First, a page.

Ask me about a brand-new S&W 625 that failed on the very first shot! Or a Sig P229 that cracked it's slide in the first 75 rounds. Or an HK USP that patterned instead of grouping. I had an older Lemon squeezer from S&W that had it's grip safety fail at under 200 rounds. I've never heard of a Taurus lock engaging while firing, unlike the current S&Ws, either. This was just ME.

Buy whatever feels the best to you. Internet Commandos relish bashing various brands with innuendo and vague insinuation. Chances are that anyone with a basic understanding of guns will be able to spot a problem gun BEFORE buying it. Things like barrels that aren't indexing, poor crowns, too large a cylinder gap, and so on should be picked up on prior to purchase.


We gonna get to this?

I had bought a Taurus Snubbie.

It would lock up after just a few cylinders.

when it 'cooled off' (Aimed shots... not 'spray and pray' with a 5 shot revolver.
(Was doing stripper clip drills)

It would 'decide' to function again.

I spent 8 years in the Corps as an 0311 and 0321

Been to a fair amount of shooting schools:
Gunsite
Tactical Response
OPS
Suarez
Gomez
Barrett
Etc....

Seen tauruses (Semi's in classes) both fail and break.

NEVER seen one make it through a class.

-I Don't buy guns with locks BTW...

I've seen 'better' guns break too... but not at a 100% (In classes) failure rate.

Let alone MY PERSONAL and others problems simply shooting.


Oh, one more thing... when I was looking at buying a 1911 with a rail... I looked at the taurus.

Figgured I could swap out a bunch of parts and still come out ahead $ wise.

Looked at one in a gun shop...

THE DOVETAIL was CUT CROOKED in the slide.
If THAT got through "Quality control"... JUST THINK!

Specific enough for you?

What good does a warrenty (That you haveto pay shipping on) do you if your defensive gun breaks?

hardluk1
December 2, 2010, 07:46 PM
nomad ,2nd My old taurus 85ss has probably a 1500 old rounds through an never treated it any different than any other gun and is a great revolver. I have also had a couple 1911's goverment models I would hate to have to depend on them to save my life. What does his and your view mean. Not a darn thing. I have seen a couple late model s&w's that had problems right out of the box. Rugers with messed up barrels. Does that mean all are junk? NO. Know what s&w say is a passable cylinder gap? 6 to 10th's. Thats terrible. My charter is 3th's. I shoot my dan wessons at 1 to 2 th's. Buy a older use gun and most all or pretty darn good. Today handguns are not as good as they were even 2 or 3 years ago. But as production drops back to pre-obama time they all get better again.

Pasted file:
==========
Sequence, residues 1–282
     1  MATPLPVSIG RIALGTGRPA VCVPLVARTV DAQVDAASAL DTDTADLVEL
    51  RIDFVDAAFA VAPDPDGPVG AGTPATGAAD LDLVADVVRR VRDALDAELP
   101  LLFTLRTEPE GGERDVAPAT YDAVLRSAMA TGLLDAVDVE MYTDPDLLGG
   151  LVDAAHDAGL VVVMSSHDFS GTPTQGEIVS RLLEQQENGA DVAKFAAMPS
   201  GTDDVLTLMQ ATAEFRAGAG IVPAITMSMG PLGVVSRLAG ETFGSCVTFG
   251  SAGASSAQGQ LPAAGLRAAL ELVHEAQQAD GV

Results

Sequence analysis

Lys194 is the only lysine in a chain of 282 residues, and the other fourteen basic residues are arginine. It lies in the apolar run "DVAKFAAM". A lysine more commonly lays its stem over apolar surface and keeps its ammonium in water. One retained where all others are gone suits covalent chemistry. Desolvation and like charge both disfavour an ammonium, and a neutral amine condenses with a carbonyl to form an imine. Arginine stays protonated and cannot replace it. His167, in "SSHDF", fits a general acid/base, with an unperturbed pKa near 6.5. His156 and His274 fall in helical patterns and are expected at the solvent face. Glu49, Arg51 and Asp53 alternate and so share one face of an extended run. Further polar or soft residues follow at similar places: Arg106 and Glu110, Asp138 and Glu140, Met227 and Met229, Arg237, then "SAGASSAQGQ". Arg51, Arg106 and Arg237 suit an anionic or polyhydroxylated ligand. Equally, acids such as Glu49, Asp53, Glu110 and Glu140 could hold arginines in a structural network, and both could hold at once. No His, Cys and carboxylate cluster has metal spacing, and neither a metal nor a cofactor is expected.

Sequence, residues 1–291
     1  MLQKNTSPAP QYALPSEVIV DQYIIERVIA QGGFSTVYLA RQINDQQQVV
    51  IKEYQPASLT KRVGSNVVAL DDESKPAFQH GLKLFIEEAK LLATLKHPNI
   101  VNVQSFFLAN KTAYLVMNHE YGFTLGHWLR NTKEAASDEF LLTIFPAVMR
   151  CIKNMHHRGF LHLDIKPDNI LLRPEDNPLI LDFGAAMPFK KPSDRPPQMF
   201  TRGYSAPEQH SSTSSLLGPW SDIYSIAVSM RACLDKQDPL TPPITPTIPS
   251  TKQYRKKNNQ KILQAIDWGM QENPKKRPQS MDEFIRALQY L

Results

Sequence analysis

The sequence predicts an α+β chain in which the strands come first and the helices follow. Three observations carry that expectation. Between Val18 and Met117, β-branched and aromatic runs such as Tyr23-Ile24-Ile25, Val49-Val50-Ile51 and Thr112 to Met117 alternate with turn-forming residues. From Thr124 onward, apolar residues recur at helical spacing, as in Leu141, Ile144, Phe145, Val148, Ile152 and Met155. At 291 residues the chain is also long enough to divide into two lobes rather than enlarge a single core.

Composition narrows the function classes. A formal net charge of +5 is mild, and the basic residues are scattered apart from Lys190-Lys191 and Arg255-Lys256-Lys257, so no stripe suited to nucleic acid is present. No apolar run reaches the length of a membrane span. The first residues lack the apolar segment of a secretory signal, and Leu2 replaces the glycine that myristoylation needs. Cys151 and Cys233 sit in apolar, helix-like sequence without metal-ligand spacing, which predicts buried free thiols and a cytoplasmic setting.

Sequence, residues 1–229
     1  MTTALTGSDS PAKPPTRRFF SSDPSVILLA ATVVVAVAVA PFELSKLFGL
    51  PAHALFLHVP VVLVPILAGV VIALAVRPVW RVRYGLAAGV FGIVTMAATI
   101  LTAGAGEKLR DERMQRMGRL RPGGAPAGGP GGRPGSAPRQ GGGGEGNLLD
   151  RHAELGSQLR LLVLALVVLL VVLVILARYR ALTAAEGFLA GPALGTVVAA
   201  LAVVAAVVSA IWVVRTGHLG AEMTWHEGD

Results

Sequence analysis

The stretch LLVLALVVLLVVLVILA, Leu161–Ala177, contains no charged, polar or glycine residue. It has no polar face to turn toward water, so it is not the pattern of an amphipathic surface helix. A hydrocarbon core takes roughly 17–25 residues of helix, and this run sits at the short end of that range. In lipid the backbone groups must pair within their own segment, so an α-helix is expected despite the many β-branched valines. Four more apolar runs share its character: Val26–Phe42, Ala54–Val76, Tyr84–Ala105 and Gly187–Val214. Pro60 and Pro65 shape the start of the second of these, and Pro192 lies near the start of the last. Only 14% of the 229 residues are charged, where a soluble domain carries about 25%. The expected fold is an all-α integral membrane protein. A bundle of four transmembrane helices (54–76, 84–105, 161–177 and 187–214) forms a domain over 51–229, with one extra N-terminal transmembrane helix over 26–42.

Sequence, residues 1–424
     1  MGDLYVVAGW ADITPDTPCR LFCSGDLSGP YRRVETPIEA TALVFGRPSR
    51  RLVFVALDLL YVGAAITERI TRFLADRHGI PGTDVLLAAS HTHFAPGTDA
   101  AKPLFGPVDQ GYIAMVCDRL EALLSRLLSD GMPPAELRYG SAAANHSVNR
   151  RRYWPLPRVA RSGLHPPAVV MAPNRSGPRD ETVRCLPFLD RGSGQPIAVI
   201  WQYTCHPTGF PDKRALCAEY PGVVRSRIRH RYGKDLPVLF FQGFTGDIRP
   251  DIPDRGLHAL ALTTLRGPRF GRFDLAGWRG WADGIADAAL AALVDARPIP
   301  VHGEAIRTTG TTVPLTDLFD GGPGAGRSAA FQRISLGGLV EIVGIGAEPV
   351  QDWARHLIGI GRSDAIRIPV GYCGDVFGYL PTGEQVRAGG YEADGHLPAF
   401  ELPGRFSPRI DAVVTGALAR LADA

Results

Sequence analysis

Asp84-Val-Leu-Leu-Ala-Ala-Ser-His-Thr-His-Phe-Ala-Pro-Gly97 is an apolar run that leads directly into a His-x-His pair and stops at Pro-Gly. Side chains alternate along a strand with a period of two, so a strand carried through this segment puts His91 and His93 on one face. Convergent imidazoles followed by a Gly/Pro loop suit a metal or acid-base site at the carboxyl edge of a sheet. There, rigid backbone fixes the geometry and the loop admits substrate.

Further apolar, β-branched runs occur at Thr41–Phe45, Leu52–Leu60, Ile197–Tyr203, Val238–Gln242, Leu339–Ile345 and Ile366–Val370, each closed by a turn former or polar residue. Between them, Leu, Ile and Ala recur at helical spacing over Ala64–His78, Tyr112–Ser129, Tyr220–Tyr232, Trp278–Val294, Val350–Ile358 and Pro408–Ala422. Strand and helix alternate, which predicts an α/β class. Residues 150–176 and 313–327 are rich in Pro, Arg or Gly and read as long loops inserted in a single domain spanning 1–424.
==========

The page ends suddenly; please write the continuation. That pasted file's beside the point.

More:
AKPastor
December 2, 2010, 09:19 PM
I am another who has had good luck with Taurus and am amazed at the vitriol of the anti-Taurus folks. Too many Taurus owners stay quiet so we won't get condescended to. I also always suspect "always" and "never" statements. I wouldn't think any manufacturer has ever seen a 100% failure rate. But maybe I'm simply misinformed.

Anyway - find what you like and can afford and is of good quality. My wife has been looking at a Charter Arms .38 snubbie and after asking around our friends and at the range - we hear good things. But I have never owned a Charter Arms so I cannot attest to it personally.

I know several folks that own Taurus guns and speak highly - myself included.

I also own some S&W

I don't think you will really lose regardless of which you go with.

Nomad, 2nd
December 2, 2010, 09:29 PM
nomad ,2nd My old taurus 85ss has probably a 1500 old rounds through an never treated it any different than any other gun and is a great revolver. I have also had a couple 1911's goverment models I would hate to have to depend on them to save my life. What does his and your view mean. Not a darn thing. I have seen a couple late model s&w's that had problems right out of the box. Rugers with messed up barrels. Does that mean all are junk? NO. Know what s&w say is a passable cylinder gap? 6 to 10th's. Thats terrible. My charter is 3th's. I shoot my dan wessons at 1 to 2 th's. Buy a older use gun and most all or pretty darn good. Today handguns are not as good as they were even 2 or 3 years ago. But as production drops back to pre-obama time they all get better again.

I put 1,000 - 2,000 rounds through a pistol in a weekend class.

Yea, with a low round count (not shooting alot) it is LIKELY your gun will work when your life depends on it.

My life is worth more.

JMHO

YMMV.


Oh, I agree with 'older'... I don't do lock S&W's and prefer pinned and recessed.

Deltaboy
December 2, 2010, 10:17 PM
I have a old Charter from the early 1970's or late 60's. It is great for what I use it for. Pocket carry.

okespe04
December 2, 2010, 10:47 PM
My post from a very similar thread:

I like their little .38s, I got an older used hammerless one at a pawn shop years ago that worked great. That one went with my sister when she moved to the big city. I recently bought a brand new .38 ultra light for my girlfriend, it also works great. Good price for functional little revolvers.

hardluk1
December 3, 2010, 09:54 AM
Nomad now thats real good for you to shoot that much in a weekend. Congratulations. Thats what, around 100,000 a year. Must be hard on a firearm to last more than ,oh a couple years? I thought the glock iin the mags now with 400,000 was a good round count.